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Film industry tribute for Wellington unveiled

18 February 2005

Film industry tribute for Wellington unveiled

Mayor Kerry Prendergast today unveiled a model of the city’s tribute to the local film industry – a six-metre high tripod figure designed and created by Richard Taylor and the designers and technicians of Weta Workshop. The work will be erected on the corner of Courtney Place and Cambridge Terrace in about November.

“It’s a very modern, attention-grabbing piece and when it is installed I am certain it will be a talking point and an attraction for film buffs, tourists, and locals,” says Mayor Prendergast.

Mayor Prendergast said the tribute will be a spectacular adornment to the already bustling Courtney Place precinct - the heart of the city’s film and entertainment district, close to the Embassy Theatre, Paramount Theatre, The Film Archive and Reading Cinemas, and in a spot forever associated with the three The Lord of the Rings premieres.

“The tribute is large and quirky and sums up our innovative, audacious film industry. Its size and shape is perfect for the site. People will be able to walk underneath it and get a good look at it from almost any angle. There will be a particularly splendid view from the upstairs of the Embassy Theatre.”

The Council contributed $300,000 to create the tribute to honour the city’s screen production industry with Weta providing an additional $90,000. “This tribute recognises the industry’s wealth of creative talent and commemorates the many productions that have made, and continue to make, film and television work such an important part of Wellington and its economy.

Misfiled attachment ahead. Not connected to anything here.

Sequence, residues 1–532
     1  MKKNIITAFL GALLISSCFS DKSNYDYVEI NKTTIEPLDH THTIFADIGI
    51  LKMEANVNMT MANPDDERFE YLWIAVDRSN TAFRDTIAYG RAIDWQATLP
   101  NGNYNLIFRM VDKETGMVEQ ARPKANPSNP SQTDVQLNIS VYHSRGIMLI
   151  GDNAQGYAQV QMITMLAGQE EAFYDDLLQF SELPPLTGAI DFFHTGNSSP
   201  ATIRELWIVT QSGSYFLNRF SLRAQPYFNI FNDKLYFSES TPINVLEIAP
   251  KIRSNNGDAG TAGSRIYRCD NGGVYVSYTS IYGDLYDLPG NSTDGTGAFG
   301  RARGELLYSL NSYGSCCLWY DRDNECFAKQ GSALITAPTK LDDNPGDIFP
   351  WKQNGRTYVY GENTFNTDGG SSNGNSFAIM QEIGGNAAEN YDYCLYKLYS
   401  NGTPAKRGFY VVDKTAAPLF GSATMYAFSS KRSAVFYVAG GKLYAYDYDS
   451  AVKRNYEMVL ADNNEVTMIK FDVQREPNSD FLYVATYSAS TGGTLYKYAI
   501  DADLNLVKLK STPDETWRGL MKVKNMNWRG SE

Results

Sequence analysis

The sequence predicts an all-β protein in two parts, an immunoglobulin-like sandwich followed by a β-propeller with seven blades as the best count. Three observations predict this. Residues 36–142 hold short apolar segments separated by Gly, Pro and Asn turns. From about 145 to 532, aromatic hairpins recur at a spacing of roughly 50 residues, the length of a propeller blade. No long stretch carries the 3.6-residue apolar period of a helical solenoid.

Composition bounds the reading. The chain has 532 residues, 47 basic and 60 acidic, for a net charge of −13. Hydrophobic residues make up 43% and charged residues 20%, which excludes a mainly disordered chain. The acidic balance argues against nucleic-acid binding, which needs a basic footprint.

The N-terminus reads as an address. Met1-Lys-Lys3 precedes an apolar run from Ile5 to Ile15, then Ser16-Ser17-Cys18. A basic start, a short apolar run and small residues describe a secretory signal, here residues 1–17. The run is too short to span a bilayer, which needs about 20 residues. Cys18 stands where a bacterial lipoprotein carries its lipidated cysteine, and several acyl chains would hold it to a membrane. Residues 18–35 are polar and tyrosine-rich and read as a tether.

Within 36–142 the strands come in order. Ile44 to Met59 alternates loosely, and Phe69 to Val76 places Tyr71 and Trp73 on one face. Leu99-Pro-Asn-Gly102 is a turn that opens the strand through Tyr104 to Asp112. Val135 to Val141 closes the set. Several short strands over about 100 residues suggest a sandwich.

“It is a way of acknowledging the many people involved in screen and film in Wellington and promoting the sector as a whole, without being themed to any one film, company or person.”

The tribute consists of a film camera on a tripod that appears to be composed from a collection of recycled mechanical parts. The tribute is made out of many bronze pieces welded together and fixed to a stainless-steel frame.

Richard Taylor says the design symbolises the ingenuity and unbounded imagination that the New Zealand screen industry thrives on. “We wanted to capture and pay tribute not only to the number-8 wire philosophy that has long been a part of the local film industry, but also the sophisticated and creative industry that the New Zealand film community has become,” he says.

The tribute was selected by an independent assessment panel including panel chair Neil Plimmer, local architect Ian Athfield, Yvonne Mackay from the Gibson Group, Jenny Harper, Assistant Vice-Chancellor (Academic) of Victoria University, and Anne Noble, Research Director of the College of Design, Fine Arts and Music at Massey University.

ENDS


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